TestComplete stores test results in XML files and allows you to easily export the test log data to several formats (XML+HTML, Excel, MHT), pack the results with WinZip, WinRar or some other archive tool and send the results via e-mail. You can perform these operations from the TestComplete UI or from tests.
Also, TestComplete provides access to the stored results. Since the test log uses the XML format, you can parse the results and retrieve the desired information.
TestComplete also allows you to create a bug report for test log data and post the report to an issue-tracking system.
Additional Needed Automated Testing Tool Features
To create powerful software tests, the test recording and playback features may not be enough. Choose a tool that provides many additional features. For instance, you may need the following:
- A library of useful objects and functions to perform various operations. For example, reading data from and writing it to files, working with databases, working with date and time values, regular expressions and many others.
- The ability to call Win32 API functions.
- The ability to call functions that reside in DLLs and .NET assemblies.
- The ability to call routines that reside in Java classes.
- The ability to work with COM servers.
- Access to the shell (the WSH scripting object) and the ability to call the operating system commands.
- OCR functionality to retrieve data from applications’ windows and controls.
- The ability to create custom add-ons that will add specific functionality to your software test projects.
TestComplete includes all of these features and offers many others.
Testing Multi-Language Applications
If you have customers throughout the world and your company develops or is planning to develop localized versions of your applications, you have to check whether the software testing tool can work with localized applications and operating systems and whether it supports Unicode. If the tool does not support foreign languages, then, most likely, you will not be able to use it to test localized software.
TestComplete supports Unicode and, therefore, it is possible to test multi-language software with it.
Automated Testing Tool: Support for Teamwork
Testers are members of the development team. They work together and communicate with developers, managers and other various people. When choosing an automated testing tool, you may be interested in features that support teamwork such as concurrent work with project files, sharing script code among several projects and integration with source code control and issue-tracking systems.
TestComplete supports all of these features. It allows you to share your test projects with several testers. You can easily link script units from one project to another. You can check project files in and check them out from a source control system directly from TestComplete. Finally, you can add a bug report to an issue-tracking system like Microsoft Visual Studio Team Foundation, Bugzilla, OnTime or JIRA, directly from the test log viewer, and thus notify developers about the problem immediately.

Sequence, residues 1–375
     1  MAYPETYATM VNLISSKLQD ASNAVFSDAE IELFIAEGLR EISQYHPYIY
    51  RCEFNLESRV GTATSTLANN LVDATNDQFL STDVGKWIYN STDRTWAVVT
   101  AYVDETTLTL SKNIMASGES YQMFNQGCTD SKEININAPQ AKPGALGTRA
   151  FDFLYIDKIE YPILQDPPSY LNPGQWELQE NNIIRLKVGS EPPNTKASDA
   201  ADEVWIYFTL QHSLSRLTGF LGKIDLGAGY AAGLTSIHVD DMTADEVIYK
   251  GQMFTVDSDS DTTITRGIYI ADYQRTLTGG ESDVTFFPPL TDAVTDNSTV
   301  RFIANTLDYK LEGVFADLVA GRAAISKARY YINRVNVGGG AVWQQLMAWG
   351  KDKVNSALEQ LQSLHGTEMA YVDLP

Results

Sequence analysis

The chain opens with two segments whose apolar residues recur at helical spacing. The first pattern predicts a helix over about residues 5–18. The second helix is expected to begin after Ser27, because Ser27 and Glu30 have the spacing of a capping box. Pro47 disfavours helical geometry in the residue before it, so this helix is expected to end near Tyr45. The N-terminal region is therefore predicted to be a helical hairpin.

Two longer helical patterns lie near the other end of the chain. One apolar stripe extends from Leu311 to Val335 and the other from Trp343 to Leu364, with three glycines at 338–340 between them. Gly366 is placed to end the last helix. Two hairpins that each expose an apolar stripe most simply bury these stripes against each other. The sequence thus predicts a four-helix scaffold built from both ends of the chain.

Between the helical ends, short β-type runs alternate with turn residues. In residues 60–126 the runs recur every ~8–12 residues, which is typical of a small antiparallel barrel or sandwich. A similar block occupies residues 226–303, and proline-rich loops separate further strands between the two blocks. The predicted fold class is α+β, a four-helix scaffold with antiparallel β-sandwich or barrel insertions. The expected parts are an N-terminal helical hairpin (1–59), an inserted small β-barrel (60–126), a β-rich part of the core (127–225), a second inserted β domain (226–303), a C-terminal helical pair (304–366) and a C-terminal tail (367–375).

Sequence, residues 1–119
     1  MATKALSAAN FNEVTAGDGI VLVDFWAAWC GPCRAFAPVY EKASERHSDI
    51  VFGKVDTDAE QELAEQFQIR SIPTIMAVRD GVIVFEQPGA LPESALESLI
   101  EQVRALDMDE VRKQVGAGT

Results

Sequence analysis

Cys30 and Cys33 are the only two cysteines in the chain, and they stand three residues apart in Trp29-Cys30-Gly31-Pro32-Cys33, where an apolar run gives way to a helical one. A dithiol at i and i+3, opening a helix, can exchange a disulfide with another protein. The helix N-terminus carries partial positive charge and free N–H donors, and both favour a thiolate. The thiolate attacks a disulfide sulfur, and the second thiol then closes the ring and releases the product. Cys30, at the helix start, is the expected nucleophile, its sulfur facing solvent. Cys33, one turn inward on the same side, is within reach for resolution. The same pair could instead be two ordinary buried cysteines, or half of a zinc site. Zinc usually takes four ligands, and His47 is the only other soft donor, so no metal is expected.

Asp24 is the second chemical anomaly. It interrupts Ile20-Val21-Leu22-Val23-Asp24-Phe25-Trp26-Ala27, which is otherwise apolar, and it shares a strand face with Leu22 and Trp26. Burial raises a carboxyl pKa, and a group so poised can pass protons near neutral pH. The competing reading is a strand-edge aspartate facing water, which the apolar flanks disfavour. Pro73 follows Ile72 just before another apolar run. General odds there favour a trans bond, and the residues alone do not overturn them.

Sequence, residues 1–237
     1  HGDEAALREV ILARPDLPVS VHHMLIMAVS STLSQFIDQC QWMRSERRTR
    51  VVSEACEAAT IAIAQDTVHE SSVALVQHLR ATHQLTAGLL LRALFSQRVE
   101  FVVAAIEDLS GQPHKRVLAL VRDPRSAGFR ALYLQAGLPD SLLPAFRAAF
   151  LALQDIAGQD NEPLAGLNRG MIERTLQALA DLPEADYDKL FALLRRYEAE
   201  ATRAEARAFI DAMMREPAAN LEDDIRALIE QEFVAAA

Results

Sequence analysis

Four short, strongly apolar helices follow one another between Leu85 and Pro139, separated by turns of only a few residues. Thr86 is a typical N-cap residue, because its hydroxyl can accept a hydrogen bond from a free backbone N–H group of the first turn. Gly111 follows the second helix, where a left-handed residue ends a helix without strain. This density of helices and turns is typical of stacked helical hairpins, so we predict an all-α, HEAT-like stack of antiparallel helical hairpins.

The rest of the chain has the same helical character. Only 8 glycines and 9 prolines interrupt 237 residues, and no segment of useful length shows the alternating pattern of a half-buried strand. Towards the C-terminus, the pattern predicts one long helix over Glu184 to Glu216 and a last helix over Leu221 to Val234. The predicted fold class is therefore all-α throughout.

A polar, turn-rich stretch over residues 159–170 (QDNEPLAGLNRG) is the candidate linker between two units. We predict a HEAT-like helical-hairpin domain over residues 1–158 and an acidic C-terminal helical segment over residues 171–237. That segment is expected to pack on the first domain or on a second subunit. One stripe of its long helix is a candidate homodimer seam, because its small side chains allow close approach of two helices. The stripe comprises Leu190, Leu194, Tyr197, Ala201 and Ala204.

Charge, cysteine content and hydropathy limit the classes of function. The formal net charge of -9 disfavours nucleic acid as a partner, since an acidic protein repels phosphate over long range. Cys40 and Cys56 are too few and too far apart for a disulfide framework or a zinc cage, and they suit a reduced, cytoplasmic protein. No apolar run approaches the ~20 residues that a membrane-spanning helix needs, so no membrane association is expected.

Command Line and COM Automation Support
Choose an automated testing tool that you can launch automatically, for instance, at a certain time or after the application build is over. You will be able to do this only if your automated testing tool has the command line or COM interface where you can specify run parameters.
TestComplete supports command line arguments and can work with COM.
Integration with Team System and Build Software
Automated software testing tools are used along with build programs. For instance, the application "builder" can run tests at the end of each build. When choosing an automated testing tool, check whether it can be used with build programs.
TestComplete can be integrated with build software, for example, with SmartBear’s Automated Build Studio and with Microsoft Visual Studio, including version 2013 of this popular Microsoft IDE. Also, TestComplete projects can be called from Visual Studio test projects. TestComplete also includes a special assembly that you can use to run TestComplete’s software tests from MSBuild projects.
A very important aspect of selecting an automated software testing tool is the quality of the technical support provided. Prompt responses to your messages prepared by a professional support team will assist in resolving problems and save you time and energy.
When choosing an automated software testing tool, you have to determine whether its price is reasonable. You should take into account not only the product price, but also the price of add-ons (if they are needed), the support fee as well as training and upgrade prices. To get this information, you may need to call the company’s office. Some vendors have special prices that you can only learn about when talking to a representative from their sales department over the phone.